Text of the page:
Daniel Ricciardo admits there have been days when he "definitely hasn't loved F1" this year, after he endured a difficult run of results with new team McLaren.
Ricciardo scored less than half of teammate Lando Norris' points haul over the first half of the season, but has bounced back since the summer break and won last weekend's Italian Grand Prix.
"It's reassuring for me," Ricciardo told RacingNews365.com and other select members of the press, after his eighth career F1 win.
"I believe in myself, obviously, I think everyone does to get to this point in the sport, but I've certainly been challenged this year.
"The sport is a tricky one, it's not so black and white, and sometimes you do struggle to find some answers. I think you have to stay on course and stay true to the course, and you can easily get lost as well.
"I think, deep down, I would have moments of frustration or moments of dropping my head, but I kind of made a point never to let that last. I also made a point to try and gain something from it and learn from it.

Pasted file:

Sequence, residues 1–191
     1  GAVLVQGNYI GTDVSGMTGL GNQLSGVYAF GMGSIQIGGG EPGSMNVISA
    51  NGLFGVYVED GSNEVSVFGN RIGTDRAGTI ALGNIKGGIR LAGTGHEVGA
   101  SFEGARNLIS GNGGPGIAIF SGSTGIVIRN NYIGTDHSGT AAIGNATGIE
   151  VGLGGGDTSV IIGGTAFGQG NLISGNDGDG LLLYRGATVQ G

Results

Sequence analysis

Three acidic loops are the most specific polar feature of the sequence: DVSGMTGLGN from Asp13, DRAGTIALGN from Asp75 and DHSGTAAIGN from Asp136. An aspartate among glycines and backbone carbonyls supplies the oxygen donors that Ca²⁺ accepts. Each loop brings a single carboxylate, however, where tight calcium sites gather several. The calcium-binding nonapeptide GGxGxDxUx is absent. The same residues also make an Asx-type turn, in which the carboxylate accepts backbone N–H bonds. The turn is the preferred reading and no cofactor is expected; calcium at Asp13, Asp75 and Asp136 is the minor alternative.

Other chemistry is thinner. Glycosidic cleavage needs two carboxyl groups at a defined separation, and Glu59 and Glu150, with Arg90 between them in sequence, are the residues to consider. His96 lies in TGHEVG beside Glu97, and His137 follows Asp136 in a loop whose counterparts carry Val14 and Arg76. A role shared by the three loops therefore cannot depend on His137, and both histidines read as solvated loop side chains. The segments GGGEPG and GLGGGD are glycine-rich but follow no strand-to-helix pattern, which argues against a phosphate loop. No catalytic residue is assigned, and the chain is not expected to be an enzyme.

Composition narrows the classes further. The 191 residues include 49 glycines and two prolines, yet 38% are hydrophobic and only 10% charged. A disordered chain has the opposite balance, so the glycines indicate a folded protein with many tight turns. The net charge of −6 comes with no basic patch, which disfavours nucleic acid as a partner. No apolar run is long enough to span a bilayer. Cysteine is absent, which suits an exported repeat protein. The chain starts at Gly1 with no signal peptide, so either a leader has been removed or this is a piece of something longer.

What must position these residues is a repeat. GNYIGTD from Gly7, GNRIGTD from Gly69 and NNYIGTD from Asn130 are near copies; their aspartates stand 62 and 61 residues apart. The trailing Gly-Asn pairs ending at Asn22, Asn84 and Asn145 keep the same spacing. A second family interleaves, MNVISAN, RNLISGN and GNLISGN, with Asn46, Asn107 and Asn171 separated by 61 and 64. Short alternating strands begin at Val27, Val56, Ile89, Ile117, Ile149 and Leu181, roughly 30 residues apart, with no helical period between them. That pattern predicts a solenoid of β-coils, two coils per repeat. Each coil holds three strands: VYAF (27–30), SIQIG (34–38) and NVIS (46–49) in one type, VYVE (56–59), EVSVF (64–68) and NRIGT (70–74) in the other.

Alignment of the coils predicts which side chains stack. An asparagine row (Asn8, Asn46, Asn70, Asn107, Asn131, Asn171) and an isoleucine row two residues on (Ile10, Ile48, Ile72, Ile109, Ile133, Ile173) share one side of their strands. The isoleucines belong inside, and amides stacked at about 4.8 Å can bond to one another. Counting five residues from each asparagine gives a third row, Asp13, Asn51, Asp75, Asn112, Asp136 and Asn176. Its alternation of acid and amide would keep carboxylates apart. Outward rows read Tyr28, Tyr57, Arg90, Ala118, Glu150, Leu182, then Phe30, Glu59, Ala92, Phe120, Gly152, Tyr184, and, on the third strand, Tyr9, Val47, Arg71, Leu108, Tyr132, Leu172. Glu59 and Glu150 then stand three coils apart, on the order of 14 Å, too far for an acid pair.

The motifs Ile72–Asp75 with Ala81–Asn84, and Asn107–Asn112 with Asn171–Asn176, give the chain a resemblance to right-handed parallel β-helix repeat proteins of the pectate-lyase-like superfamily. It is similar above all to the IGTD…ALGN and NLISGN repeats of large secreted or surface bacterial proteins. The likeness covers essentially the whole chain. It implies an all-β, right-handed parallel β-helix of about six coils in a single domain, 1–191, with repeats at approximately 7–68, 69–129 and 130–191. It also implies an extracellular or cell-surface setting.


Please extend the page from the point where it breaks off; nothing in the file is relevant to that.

"There's been days this year where I definitely haven't loved it, but I've had those days pretty much every year. I think there's probably just been more this year, but I don't resent those feelings either.
"I think those things make you appreciate the good days, but also they make you understand some internal questions within yourself and how much you want it, and how much it means to you."
Ricciardo's win at Monza was McLaren's first victory since the 2012 Brazilian GP, when Jenson Button reached the top step of the podium.
The Australian hinted he was more motivated to perform, knowing that McLaren had a chance to fight with Mercedes and Red bull last weekend.
"For moments you fall out of love with the sport, but actually the clarity you get afterwards... it kind of makes you realise how much you do love it and how much you want it," said Ricciardo.
"I think that's been the biggest last weekend. I knew we would have a chance to fight for a podium and the 'want' really kind of shone through, and when it gets to that point, and that level, I would back myself to the hills."
It's time for the latest episode of our new Formula 1 podcast, with F1 journalists Dieter Rencken, Thomas Maher and Mike Seymour discussing the fallout from a dramatic Italian Grand Prix weekend.